In October 2014, Jokowi was inaugurated as Indonesia’s seventh President. Photo: Michael Reardon

Surface Impressions: Business as Usual

Arriving in Jakarta on the evening of Saturday November 15th, everything appeared normal and unremarkable, which is itself a good sign that democracy has become the status quo in Indonesia, as opposed to the long-held dream it was just some 20 short years ago. There were no street protests, civil unrest and certainly no military presence that can usually accompany general elections in developing nations. In fact, the first mention of the recent change of government came from the well-read copy of ‘Kompas’ newspaper lying on the kitchen floor of my host family’s residence. Getting out and about onto the streets of Jakarta the following day also revealed a reassuring sense of normality. Life in the capital would continue much the same as it always had – stray cats would wander along busy roads amongst Bajaj’s, whilst Ojek’s speed past and Warungs remained busy feeding hungry locals until the wee hours of the morning. The only overt signs of politics amongst the familiar humdrum were the fading posters of beaming candidates.

Rocking the Boat: Cutting the Fuel Subsidy by a Quarter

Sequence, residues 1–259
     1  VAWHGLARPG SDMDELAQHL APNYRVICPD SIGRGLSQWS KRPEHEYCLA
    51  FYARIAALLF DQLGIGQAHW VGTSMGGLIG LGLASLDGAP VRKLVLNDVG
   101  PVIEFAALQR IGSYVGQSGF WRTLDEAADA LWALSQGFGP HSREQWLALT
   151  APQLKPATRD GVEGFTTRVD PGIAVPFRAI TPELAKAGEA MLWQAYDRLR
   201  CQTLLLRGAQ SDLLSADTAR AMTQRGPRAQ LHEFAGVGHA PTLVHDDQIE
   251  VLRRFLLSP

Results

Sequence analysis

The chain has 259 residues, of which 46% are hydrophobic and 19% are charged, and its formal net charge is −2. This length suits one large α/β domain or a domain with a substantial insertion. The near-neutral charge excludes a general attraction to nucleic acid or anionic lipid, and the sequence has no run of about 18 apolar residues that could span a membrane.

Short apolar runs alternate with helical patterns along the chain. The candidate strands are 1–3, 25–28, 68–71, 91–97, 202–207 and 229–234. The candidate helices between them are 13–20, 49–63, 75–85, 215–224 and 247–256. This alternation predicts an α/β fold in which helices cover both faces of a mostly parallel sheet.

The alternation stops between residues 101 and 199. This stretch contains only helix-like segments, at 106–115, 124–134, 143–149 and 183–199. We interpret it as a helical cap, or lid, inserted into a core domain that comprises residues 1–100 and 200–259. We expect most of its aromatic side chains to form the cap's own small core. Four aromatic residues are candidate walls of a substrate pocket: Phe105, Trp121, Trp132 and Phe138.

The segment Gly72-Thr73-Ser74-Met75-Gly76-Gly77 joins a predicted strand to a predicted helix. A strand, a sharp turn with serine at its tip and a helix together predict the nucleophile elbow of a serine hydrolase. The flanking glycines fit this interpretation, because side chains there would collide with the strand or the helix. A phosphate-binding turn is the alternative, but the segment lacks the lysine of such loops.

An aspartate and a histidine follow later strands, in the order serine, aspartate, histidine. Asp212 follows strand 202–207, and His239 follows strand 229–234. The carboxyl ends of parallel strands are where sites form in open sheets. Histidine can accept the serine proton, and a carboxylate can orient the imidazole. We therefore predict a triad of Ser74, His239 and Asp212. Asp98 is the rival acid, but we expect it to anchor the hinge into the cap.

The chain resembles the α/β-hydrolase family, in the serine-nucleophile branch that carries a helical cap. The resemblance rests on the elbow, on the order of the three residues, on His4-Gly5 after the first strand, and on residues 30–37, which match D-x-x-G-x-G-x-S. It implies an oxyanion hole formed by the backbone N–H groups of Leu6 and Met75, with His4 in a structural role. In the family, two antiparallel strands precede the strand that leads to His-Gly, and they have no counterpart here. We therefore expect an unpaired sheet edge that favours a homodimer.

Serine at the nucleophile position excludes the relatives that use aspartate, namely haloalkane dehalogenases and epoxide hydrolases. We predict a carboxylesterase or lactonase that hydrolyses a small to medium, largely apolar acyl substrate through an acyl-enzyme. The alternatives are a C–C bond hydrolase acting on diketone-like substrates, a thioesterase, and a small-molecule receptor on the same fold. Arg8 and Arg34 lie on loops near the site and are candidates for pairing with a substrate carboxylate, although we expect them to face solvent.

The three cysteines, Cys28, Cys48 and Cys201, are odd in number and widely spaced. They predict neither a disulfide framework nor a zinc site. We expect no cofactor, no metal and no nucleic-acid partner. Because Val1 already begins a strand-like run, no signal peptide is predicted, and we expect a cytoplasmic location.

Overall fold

The first mention of the Jokowi presidency from the mouth of a stranger occurred more than a week later when a driver me and my friends hired in Yogyakarta to show us around, expressed his anger at the president’s decision to cut the nation’s financially reckless fuel subsidy by approximately 25% – which raised the price of fuel from the equivalent of AUD $0.60 to AUD $0.80 per litre in a single pen stroke. A very necessary and well overdue move in my opinion, but no doubt one which may have cost the president a not insignificant number of future votes. “I can’t vote for him again”, said my driver, although others could see the point of Jokowi’s first controversial domestic policy decision and supported his bold move. “We need more announcements like that” a friend explained, “Indonesia needs decisive leadership to move forward” she added, with a veiled reference to the supposed disappointment of SBY’s “squandered second term”. So with 5 years to shake up this developing democracy and land of huge potential, and set it on a faster, more sustainable growth path, Joko Widodo has made a decent start and appears to be moving in the right direction. But far from turning Indonesia upside down and inside out from the beginning, the Jokowi era it seems, will be shaped by consistent, pragmatic, action-oriented decision-making more than anything else….